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The Freedom of Information Act (FOIA) in the 21st Century: Using Technology to Improve Transparency in Government

Today, March 21, 2012, the House Committee on Oversight and Government Reform held a hearing on using technology to improve transparency in the federal government.  This hearing comes on the heels of the Committee’s Report Card on Federal Government Efforts to Track and Manage FOIA Requests, which was issued on March 15, 2012.  The findings of that report assigned the government a grade of C-.  The report stated that the Committee “assigned its grade of government-wide FOIA logs based on the average of the 17 Cabinet-level departments, which have the most components and receive the majority of requests. This grade was a C-, which is slightly below average, and it most accurately reflects the performance of the Federal government in this evaluation as related to the overwhelming majority of FOIA requests.”

The Proposed European Privacy Directive and What It Means for Internet Privacy: A Presentation by the Director General for Justice in the European Commission

Yesterday, March 19, 2012, Francoise Le Bail, Director General for Justice in the European Commission, spoke at a congressional privacy briefing sponsored by the Congressional Internet Caucus Advisory Committee in conjunction with the European Internet Foundation.  Ms. Le Bail discussed the recently unveiled draft European Data Protection Regulation designed to supersede the 1995 European Union’s (EU) Data Protection Directive as a comprehensive reform measure to strengthen online privacy rights in light of global technology advancements.  She emphasized that this proposed directive will replace the current law's fragmentation and costly administrative burdens with a single set of rules on data protection valid across the EU.

Google and Apple and the Latest Privacy Concerns

In separate developments both Google and Apple are facing new privacy probes by the government.  In Google’s case, both the Federal Trade Commission (FTC) and a European effort led by the French Commission Nationale de L’Informatique et des Libertes (CNIL) are investigating the company for bypassing users’ privacy settings on their Apple Safari browser.  The Wall Street Journal reported in February that Google was installing cookies on devices even if the person had set the device to block this type of tracking.  Once contacted by the newspaper, Google did report that it had stopped the practice.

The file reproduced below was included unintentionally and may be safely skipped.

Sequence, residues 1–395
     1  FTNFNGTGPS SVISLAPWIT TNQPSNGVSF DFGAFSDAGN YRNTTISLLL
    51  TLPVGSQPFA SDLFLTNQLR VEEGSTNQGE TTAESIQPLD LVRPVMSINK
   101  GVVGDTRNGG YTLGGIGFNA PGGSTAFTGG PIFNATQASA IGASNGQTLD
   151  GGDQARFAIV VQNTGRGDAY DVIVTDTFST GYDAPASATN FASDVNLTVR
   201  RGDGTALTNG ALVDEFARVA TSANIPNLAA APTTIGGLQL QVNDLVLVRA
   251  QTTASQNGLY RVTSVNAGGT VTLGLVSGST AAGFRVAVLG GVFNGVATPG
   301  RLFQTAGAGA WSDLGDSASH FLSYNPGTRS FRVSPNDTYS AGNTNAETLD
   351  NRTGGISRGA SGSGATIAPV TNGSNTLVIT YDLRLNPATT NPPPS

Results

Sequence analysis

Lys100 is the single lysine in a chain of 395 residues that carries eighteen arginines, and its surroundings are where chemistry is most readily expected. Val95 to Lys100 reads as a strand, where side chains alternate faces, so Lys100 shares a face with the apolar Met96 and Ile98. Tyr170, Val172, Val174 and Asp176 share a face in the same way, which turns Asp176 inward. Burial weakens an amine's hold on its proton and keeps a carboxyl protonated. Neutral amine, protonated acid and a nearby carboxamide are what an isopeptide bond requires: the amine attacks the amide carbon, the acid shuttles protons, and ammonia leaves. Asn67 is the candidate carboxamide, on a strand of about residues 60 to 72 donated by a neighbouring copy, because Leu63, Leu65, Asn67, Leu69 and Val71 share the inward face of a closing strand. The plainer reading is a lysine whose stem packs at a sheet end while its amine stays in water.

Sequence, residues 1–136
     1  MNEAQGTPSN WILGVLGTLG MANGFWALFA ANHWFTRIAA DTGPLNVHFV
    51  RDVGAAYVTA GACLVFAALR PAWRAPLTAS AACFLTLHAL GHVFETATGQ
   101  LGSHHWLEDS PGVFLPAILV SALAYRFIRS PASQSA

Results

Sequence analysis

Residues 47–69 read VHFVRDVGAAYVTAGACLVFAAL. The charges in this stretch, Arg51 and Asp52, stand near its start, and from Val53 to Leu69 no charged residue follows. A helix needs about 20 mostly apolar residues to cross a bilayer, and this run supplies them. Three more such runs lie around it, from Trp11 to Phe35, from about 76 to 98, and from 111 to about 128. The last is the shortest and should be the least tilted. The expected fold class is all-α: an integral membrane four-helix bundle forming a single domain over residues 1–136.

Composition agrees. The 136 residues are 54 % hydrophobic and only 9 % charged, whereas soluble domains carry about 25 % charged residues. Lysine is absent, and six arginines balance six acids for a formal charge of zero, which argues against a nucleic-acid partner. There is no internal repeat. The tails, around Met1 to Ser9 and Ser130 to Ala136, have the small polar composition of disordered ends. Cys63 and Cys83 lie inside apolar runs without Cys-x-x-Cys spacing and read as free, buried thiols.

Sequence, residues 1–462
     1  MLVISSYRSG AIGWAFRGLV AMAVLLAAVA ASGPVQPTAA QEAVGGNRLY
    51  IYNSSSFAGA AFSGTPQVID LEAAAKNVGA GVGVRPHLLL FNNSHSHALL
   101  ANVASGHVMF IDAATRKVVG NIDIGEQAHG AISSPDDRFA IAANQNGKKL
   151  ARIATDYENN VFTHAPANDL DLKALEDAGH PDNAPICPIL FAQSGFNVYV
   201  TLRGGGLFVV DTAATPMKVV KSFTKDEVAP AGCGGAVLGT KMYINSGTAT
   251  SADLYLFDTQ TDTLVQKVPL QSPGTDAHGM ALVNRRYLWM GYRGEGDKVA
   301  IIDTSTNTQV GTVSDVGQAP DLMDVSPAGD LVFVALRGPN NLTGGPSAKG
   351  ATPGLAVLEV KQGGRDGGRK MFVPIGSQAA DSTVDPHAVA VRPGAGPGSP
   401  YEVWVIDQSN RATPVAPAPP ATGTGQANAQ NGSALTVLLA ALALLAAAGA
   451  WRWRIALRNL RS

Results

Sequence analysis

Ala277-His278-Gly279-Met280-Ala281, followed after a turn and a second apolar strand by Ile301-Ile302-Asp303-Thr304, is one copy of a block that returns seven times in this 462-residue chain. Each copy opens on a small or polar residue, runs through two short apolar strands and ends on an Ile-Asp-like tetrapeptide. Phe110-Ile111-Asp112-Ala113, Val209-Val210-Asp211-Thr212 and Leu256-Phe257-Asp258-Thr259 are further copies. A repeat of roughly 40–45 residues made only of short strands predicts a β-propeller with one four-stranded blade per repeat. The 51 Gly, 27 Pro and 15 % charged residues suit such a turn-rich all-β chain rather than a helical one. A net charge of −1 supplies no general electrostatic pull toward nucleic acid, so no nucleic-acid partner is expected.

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Federal Research Public Access Act: An Update

On March 5, 2012, a group of 81 scholarly journal publishers sent a letter in strong opposition to the Federal Research Public Access Act (FRPAA) (S. 2096 and H.R. 4004) to Sen. Joseph Lieberman (I-CT), and Sen. Susan Collins (R-ME) of the Senate Committee on Homeland Security and Governmental Affairs, and Rep. Darrell Issa (R-CA) and Rep. Elijah Cummings (D-MD) of the House Committee on Oversight and Government Reform.  Note that these members are not the sponsors of these bills, but rather the committees to which the bills have been referred.

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Google's Privacy Policy: Does It Impact Campuses or Not?